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Understanding debt carried by a company is key to gaining insight into its financial health. One of the various ways an observer can gauge the significance of debt on a company's balance sheet is by calculating net debt. Net debt is the book value of a company's gross debt less any cash and cash-like assets on the balance sheet. Gross debt is simply the sum total of the book value of a company's debt obligations. Net debt essentially tells you how much debt is left on the balance sheet if the company pays all its debt obligations with its existing cash balances.

Looking at net debt reveals additional details and insight into the financial health of a company. Burdensome debt loads can be problematic for stakeholders in a company. Net debt helps provide comparative metrics when looking at industry peers. Just because a company has more debt does not necessarily mean it is financially worse off than a company with less debt. For example, what may appear to be a large debt load on a company's balance sheet may actually be smaller than an industry competitor's debt on a net basis.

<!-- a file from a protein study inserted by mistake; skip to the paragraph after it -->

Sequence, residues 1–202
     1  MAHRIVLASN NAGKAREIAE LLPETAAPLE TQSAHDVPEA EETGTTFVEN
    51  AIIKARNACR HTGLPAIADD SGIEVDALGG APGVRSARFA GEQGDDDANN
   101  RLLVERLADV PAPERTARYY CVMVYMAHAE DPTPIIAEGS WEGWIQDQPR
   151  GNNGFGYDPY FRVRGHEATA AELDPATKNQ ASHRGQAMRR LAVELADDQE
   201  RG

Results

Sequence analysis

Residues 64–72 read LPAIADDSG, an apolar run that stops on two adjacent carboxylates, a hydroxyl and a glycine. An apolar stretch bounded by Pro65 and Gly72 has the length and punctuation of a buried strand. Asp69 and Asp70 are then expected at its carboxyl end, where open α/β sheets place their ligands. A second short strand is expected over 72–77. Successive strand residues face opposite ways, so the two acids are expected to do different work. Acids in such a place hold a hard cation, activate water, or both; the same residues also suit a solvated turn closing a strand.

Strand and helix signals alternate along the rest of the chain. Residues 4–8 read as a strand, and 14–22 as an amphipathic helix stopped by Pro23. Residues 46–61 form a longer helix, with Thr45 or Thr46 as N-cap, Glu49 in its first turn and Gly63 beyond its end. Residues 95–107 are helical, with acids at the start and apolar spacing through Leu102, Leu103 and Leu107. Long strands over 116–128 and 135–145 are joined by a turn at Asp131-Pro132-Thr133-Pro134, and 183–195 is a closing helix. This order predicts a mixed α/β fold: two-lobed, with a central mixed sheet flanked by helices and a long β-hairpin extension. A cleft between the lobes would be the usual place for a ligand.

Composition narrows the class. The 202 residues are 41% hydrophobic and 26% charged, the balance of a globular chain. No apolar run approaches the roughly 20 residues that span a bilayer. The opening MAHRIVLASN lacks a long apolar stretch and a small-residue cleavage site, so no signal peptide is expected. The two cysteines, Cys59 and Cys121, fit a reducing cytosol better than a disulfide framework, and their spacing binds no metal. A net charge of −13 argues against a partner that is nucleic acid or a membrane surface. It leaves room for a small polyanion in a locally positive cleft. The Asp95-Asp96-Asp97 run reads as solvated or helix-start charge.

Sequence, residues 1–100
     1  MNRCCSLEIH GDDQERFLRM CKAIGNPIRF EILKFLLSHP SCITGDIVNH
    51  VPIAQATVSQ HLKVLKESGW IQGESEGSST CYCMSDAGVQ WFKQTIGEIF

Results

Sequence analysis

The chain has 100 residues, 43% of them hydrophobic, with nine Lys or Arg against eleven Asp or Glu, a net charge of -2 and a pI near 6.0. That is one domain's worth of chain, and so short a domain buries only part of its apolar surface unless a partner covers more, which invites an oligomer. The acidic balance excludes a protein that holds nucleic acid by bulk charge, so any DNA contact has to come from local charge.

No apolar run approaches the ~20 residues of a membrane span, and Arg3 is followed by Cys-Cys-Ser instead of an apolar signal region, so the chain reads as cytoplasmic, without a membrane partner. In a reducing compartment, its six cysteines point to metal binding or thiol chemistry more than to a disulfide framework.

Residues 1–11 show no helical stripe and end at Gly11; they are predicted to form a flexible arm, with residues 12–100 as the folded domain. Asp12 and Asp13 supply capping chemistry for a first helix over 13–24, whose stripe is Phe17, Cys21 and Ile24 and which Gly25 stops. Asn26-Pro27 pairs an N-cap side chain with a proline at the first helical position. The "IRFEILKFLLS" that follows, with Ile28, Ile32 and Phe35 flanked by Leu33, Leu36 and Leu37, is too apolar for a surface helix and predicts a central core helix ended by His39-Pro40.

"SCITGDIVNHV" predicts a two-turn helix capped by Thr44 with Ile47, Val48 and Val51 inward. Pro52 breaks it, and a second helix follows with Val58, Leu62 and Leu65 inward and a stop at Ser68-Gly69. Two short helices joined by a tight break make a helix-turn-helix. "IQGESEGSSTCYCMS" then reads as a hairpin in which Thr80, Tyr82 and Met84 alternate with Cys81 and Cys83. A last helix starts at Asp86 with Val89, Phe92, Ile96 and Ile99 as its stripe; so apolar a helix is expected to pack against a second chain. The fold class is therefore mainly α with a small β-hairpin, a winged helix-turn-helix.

Net debt can offer insight and prompt discovery regarding the company's operational strategy. If the difference between net debt and gross debt is large, this indicates the company carries a large cash balance as well as significant debt. Why might a company do that? There are many reasons, such as liquidity concerns, capital investment opportunities and planned acquisitions. Looking at a company's net debt, particularly relative to its peers, prompts further examination into its strategy.

From an enterprise value standpoint, net debt is a key factor during a buyout situation. When a buyer is looking to acquire a company, net debt is more relevant from a valuation standpoint. A buyer is not interested in spending cash to acquire cash. It is more meaningful for the buyer to look at enterprise value using the target company's debt net of its cash balances to rightly assess the acquisition.

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